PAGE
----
Panel mulls economic development plan
Jamestown’s economy has seen a surge in home-based businesses, according to Town Planner Lisa Bryer, who said that there are many more parts to the town’s economy besides the waterfront and downtown businesses.
Bryer made the comments at the March 21 Planning Commission meeting when she explained the background behind a new economic development plan titled “A Town Economic Development Plan and Strategy, including Cultural, Historical and Creative Economies.”
The board is mulling whether to create an economic development plan for Jamestown. Commissioner Duncan Pendlebury said the reasons why a plan is important should be spelled out, so people understand the issues, such as the reasons why business and commerce help with local taxes. If they do go ahead with the plan, the home-based businesses should be part of the strategy, Commissioner Rosemary Enright agreed. Homebased business owners will be invited to become part of a steering committee as stakeholders.
Planning Chairman Michael Swistak suggested all the commissioners should be part of the steering committee, too.
Jamestown’s home-based businesses run the gamut, Bryer indicated. Bed-and-breakfasts are part of the mix, although these establishments have been declining in number. Other home-based workers include artists, consultants, plumbers, contractors, information technology experts and inventors. But the impact on the overall economy has not yet been quantifi ed, Bryer said, and the homebased business could become an issue in a community eager to preserve its rural character.
The comprehensive plan is “very specific” on keeping “commercialism in the commercial district and not spilling over,” she said. However, she said ideas about encouraging more bed-andbreakfasts in the village district, which includes downtown residential areas, could work into the economic development plan.
At a recent meeting, Commissioner Michael Smith had noted Jamestown has only two bed-andbreakfast establishments. He suggested the current zoning, which restricts them to the downtown commercial district, might be too restrictive and that the community would benefit from a change to allow bed-and-breakfasts all through the village district.
Swistak asked Bryer to go over the steps on the way to adopting an economic plan.
First, they agreed, she would identify the stakeholders to serve on the steering committee. Bryer has already mentioned the plan to Chamber of Commerce members. Other candidates would come from the arts community, homebased business owners and residents, in addition to the planning commissioners.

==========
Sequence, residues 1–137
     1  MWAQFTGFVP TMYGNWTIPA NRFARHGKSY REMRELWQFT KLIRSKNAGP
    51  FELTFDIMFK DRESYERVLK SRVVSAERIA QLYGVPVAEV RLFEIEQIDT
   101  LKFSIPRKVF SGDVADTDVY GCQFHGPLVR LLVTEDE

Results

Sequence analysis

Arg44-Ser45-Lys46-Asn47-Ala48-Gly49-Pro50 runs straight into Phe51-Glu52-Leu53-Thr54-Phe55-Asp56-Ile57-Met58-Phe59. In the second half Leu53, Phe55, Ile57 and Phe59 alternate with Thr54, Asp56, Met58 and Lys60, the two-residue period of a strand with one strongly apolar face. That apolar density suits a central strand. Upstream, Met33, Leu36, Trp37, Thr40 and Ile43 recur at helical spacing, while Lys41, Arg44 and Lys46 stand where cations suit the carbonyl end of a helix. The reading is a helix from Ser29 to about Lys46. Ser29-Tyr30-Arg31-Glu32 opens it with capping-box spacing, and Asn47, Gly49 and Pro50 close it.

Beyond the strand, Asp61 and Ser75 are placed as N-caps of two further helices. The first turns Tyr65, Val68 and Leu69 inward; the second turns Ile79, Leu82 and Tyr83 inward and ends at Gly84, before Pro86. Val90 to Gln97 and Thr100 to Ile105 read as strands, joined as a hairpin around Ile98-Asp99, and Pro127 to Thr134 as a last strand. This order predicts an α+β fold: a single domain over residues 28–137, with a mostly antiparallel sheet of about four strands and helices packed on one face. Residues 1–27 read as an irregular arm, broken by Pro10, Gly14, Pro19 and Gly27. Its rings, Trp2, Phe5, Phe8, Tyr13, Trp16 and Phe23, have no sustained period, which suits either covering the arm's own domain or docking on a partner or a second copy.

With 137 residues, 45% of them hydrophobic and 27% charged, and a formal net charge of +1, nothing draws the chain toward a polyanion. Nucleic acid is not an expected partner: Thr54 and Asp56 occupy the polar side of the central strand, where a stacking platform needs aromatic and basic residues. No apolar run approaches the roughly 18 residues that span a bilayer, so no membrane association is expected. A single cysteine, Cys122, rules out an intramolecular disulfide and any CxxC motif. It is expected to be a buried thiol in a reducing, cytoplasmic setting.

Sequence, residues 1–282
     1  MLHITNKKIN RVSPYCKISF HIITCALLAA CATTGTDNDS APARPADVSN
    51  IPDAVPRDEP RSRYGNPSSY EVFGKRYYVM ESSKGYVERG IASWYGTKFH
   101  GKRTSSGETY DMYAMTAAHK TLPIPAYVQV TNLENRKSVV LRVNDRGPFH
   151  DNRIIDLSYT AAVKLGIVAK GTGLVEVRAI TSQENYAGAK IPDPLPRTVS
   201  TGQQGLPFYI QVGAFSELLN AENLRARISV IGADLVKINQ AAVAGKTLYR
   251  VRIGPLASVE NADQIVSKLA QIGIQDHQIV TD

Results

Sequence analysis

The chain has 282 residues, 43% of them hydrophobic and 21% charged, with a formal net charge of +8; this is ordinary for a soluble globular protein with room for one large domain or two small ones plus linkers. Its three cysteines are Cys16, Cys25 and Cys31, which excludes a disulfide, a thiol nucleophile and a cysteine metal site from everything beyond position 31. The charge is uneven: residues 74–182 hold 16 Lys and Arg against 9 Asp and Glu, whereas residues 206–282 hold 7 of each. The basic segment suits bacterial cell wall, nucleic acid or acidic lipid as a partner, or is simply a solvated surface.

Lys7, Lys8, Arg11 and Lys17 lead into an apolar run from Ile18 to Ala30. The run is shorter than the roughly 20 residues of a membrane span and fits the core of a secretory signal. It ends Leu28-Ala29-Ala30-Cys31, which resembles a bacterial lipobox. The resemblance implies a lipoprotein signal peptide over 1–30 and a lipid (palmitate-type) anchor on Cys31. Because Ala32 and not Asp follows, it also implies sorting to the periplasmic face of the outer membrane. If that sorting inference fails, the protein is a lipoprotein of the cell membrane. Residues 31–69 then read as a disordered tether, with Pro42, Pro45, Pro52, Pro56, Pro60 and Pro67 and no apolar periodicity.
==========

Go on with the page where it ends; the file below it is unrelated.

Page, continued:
Then, she said, the next step would be to identify all local businesses. Town officials already have an accurate count of the downtown and waterfront businesses and also have accumulated much of the data about home- based ventures. But a consultant could help verify information. The numbers would ultimately lead to a community picture “of who we are,” she said.
Next, she suggested, focus groups should weigh in. “Now, have the community tell us what they want Jamestown’s economy to include.”
Meanwhile, Bryer said she was seeking feedback from the panel about the outline she had presented. Enright and Smith initially questioned her emphasis on businesses that are based on the arts.
Bryer noted that there is much information on the arts and their impact on New England’s economy from the New England Council on the Arts.
Enright said she wanted to see the nonprofit organizations included in the economic development plan. Bryer said she would recast the draft to balance the arts data with information about the other economic sectors.
However, Pendlebury said the arts do contribute to a flourishing downtown retail district, as evidenced by the experience in Providence.
“We’re not looking to have Waterfire here, I assume,” he said. “But town-based businesses would like to see more traffic.” Pendlebury wanted to know if private donations could help pay for the plan.
“Is the chamber going to fund part of this?” he asked.
“No, it’ll be funded by the town,” Bryer said, but then added the local business chapter could contribute.
Pendlebury also suggested the economic development plan might belong in the comprehensive plan. “That far-reaching look is kind of missing in the comprehensive plan now,” he said.
Bryer said the economic development plan is being developed separately from the Jamestown Comprehensive Community Plan but could potentially become incorporated into the plan.
Commissioner Richard Lynn said he would like to see the plan delve into “cultural tourism,” which would support the arts and downtown businesses, especially restaurants. He said Jamestown is home to several artists of national reputation, and they draw visitors. He also said the plan could consider ways to attract members of the “creative class,” such as inventors and IT professionals.
In other business, the Planning Commission is about to review the wind turbine project, which has been proposed for Taylor’s Point.
Bryer expects to present the turbine project sometime in April but added that she is not prepared to say yet if the commissioners will be asked for a recommendation or if the turbine’s financing would be part of the discussion. That’s because the turbine project has to be treated as a public district review.
The Town Council at its March 19 meeting asked Town Administrator Bruce Keiser to present the proposal to the Planning Commission and to the Zoning Board of Review.